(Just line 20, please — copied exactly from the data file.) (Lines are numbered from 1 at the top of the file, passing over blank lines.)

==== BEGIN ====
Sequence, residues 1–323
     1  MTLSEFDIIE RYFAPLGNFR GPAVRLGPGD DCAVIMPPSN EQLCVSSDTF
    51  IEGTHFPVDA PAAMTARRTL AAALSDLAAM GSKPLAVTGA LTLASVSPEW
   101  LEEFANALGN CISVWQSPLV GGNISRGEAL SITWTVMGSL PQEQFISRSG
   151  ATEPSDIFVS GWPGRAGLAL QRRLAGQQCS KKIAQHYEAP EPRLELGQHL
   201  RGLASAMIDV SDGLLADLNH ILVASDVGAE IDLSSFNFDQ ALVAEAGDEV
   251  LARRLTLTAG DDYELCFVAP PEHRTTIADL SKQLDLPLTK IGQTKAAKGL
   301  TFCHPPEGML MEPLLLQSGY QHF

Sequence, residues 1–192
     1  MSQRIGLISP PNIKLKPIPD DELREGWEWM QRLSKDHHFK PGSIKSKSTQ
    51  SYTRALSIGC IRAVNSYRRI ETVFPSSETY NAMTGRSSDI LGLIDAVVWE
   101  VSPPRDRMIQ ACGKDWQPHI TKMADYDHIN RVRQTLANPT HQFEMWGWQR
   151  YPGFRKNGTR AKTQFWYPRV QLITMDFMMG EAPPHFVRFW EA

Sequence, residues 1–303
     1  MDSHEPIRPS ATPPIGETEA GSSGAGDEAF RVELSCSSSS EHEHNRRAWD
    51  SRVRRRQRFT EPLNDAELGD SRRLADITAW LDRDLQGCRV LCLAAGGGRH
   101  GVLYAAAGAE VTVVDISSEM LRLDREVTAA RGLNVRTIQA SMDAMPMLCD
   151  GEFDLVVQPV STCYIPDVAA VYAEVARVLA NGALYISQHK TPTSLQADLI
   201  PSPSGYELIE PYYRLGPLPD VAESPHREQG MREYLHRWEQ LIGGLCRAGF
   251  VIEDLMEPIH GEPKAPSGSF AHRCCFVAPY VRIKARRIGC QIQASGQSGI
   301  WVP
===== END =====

   251  VIEDLMEPIH GEPKAPSGSF AHRCCFVAPY VRIKARRIGC QIQASGQSGI